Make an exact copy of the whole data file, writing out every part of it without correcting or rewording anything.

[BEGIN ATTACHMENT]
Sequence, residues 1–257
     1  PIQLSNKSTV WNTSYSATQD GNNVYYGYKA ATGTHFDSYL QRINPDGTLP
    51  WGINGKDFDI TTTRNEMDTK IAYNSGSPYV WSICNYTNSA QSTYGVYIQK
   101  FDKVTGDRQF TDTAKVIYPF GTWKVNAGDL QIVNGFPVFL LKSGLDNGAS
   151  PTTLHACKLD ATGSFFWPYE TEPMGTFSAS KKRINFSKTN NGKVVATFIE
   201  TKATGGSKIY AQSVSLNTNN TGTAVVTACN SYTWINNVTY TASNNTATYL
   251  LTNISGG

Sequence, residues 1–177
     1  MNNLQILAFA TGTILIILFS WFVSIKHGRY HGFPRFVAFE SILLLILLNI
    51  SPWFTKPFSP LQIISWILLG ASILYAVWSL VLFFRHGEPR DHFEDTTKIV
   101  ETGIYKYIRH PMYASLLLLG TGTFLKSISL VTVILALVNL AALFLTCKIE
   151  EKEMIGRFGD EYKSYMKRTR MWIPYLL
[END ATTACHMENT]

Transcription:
Sequence, residues 1–257
     1  PIQLSNKSTV WNTSYSATQD GNNVYYGYKA ATGTHFDSYL QRINPDGTLP
    51  WGINGKDFDI TTTRNEMDTK IAYNSGSPYV WSICNYTNSA QSTYGVYIQK
   101  FDKVTGDRQF TDTAKVIYPF GTWKVNAGDL QIVNGFPVFL LKSGLDNGAS
   151  PTTLHACKLD ATGSFFWPYE TEPMGTFSAS KKRINFSKTN NGKVVATFIE
   201  TKATGGSKIY AQSVSLNTNN TGTAVVTACN SYTWINNVTY TASNNTATYL
   251  LTNISGG

Sequence, residues 1–177
     1  MNNLQILAFA TGTILIILFS WFVSIKHGRY HGFPRFVAFE SILLLILLNI
    51  SPWFTKPFSP LQIISWILLG ASILYAVWSL VLFFRHGEPR DHFEDTTKIV
   101  ETGIYKYIRH PMYASLLLLG TGTFLKSISL VTVILALVNL AALFLTCKIE
   151  EKEMIGRFGD EYKSYMKRTR MWIPYLL